"There's nothing specifically new in what Thompson did," said Michael X. Delli Carpini, dean of the Annenberg School for Communication at the University of Pennsylvania, noting that Arnold Schwarzenegger announced his California gubernatorial candidacy on Leno's show in 2003 and Sen. Hillary Rodham Clinton (D., N.Y.) launched her presidential campaign on the Web this year.
"But Thompson certainly combined all of those elements in a new way," Delli Carpini said.
Whether the candidate's use of the tools of political communication - or his decision to skip a Wednesday night debate in New Hampshire - matters in the long run remains to be seen.
His tactics did get him sustained news coverage and considerable control over its content. Even the most-used clips from the debate were the ones about Thompson, his absence being the subject of the opening question.
Of more significance, analysts say, is whether Thompson - second among GOP candidates in most polls, behind former New York Mayor Rudy Giuliani - can distinguish himself from other leading candidates in the coming weeks and establish himself as the top choice of conservative leaders.
In his Web-site speech, which talked about the fight against Islamic terrorists but did not mention the war in Iraq, he recounted his life story and portrayed himself as a man of "sound, conservative First Principles."
The lawyer/actor/lawmaker called for reducing federal involvement in public education, lowering taxes, appointing judges who interpret the Constitution rather than rewrite it, protecting the sanctity of human life, and making health insurance a market-based commodity not linked to employment.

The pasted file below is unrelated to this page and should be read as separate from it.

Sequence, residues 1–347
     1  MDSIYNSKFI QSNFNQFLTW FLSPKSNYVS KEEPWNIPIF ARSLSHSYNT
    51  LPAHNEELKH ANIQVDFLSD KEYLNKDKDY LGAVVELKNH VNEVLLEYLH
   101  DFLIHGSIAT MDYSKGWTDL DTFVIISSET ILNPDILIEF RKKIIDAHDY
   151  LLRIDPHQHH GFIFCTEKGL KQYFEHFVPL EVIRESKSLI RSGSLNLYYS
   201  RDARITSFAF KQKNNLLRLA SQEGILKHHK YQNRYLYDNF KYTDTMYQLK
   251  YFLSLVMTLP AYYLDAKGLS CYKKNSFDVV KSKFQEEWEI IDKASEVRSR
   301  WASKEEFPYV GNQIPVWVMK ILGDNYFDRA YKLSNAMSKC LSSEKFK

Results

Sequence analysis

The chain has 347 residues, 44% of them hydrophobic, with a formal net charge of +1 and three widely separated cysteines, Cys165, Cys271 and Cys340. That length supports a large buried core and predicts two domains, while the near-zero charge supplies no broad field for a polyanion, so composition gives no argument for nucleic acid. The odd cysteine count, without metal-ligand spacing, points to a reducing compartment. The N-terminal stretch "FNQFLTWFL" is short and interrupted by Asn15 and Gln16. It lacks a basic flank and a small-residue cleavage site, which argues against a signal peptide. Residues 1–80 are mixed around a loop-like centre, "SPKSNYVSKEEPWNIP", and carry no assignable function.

His overall theme, delivered in a serious, measured baritone, was the need to limit the federal government.
"A government that's big enough to do everything for us is powerful enough to do anything to us," he said at one point, adding later: "I don't accept it as a fact of life beyond our power to change that the federal government must go on expanding more, taxing more, spending more, forever."
If the rhetoric had a Reaganesque ring to it, that was no accident.
"His people want him to be seen as the next Ronald Reagan, but the analogy has some problems," said Dennis Goldford, professor of politics at Drake University in Des Moines. "Right now, the name 'Thompson' stands for 'none of the above.' He's not offering a new or different message so much as a new and different messenger."
Questions remain about Thompson's staying power as a candidate. The early Thompson story line has been one of laziness and disorganization. His efforts in the coming weeks will either erase or confirm that.
His exploratory effort, launched June 1, has been plagued by staff turnover and lackluster fund-raising.
At the very least, analysts say, his relatively late entry constrains his ability to build political organizations in the early states, where many top operatives and volunteers have signed on with others.
"As a social conservative, Thompson doesn't have a big natural constituency in New Hampshire," said Andrew Smith, director of the Survey Center at the University of New Hampshire. "So he doesn't have a huge margin of error here."
But the Republican race remains fluid four months before the voting starts. And if Thompson can be an effective candidate quickly, he'll be able to point to what he told Leno on Wednesday night:
"I don't think people are going to say, 'That guy'd make a very good president, but he didn't get in soon enough.' "
Contact senior writer Larry Eichel at 215-854-2415 or firstname.lastname@example.org.